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How can one defend the 1% ?


  • Guillaume Allegre

    (Observatoire français des conjonctures économiques)


In a forthcoming article in the Journal of Economic Perspectives1, Harvard Professor and bestselling textbook author Greg Mankiw defends the income earned by the richest 1%, as opposed to the movement of the 99% that attacks the explosion of inequality and the concentration of income and wealth. Mankiw cites the study by Thomas Piketty and Emmanuel Saez (2003, updated 2011)2, which shows that in the United States the share of income earned by the richest 1% rose from 7.7% in 1973 to17.4% in 2010. Mankiw argues that the income received by the 1% is fair and denounces the idea of taxing them at what he considers confiscatory rates. He criticizes in particular the proposal of French President François Hollande to tax high income at a marginal rate of 75%, in the following terms: “using the force of government to seize such a large share of the fruits of someone else’s labor is unjust, even if the taking is sanctioned by a majority of the citizenry”. To defend this position, Mankiw uses a theory of justice based on “just deserts”. According to this perspective, people should receive compensation in proportion to their contributions. If the economy were described by a classical competitive equilibrium without externalities or public goods, then every individual would earn the value of his or her own marginal product, and there would be no need for government to redistribute. In this perspective, equity isperfectly aligned with the right incentives.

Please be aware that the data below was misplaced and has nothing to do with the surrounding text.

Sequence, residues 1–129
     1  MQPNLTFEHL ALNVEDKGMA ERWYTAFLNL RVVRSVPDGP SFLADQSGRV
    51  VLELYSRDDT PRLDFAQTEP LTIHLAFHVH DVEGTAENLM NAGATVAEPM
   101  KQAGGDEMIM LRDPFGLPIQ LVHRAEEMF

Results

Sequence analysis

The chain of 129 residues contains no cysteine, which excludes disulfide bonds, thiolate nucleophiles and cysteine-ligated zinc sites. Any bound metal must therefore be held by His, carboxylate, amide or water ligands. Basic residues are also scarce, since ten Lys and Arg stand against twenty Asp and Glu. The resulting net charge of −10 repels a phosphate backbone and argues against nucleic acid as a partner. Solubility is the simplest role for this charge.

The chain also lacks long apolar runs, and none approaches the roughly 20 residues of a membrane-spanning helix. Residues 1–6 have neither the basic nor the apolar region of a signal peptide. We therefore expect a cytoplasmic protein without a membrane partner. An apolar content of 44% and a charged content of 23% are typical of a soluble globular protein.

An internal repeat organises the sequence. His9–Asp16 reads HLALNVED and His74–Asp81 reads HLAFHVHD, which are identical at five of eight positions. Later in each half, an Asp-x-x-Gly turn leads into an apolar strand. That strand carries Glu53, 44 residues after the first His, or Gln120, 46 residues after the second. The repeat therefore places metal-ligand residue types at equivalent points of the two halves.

Suggested Citation

  • Guillaume Allegre, 2013. "How can one defend the 1% ?," Sciences Po publications info:hdl:2441/77fpmk5svf9, Sciences Po.
  • Handle: RePEc:spo:wpmain:info:hdl:2441/77fpmk5svf9959hrmrvdtnvtvq

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    Income; Wealth; Inequality;

    JEL classification:

    • I3 - Health, Education, and Welfare - - Welfare, Well-Being, and Poverty
    • J3 - Labor and Demographic Economics - - Wages, Compensation, and Labor Costs


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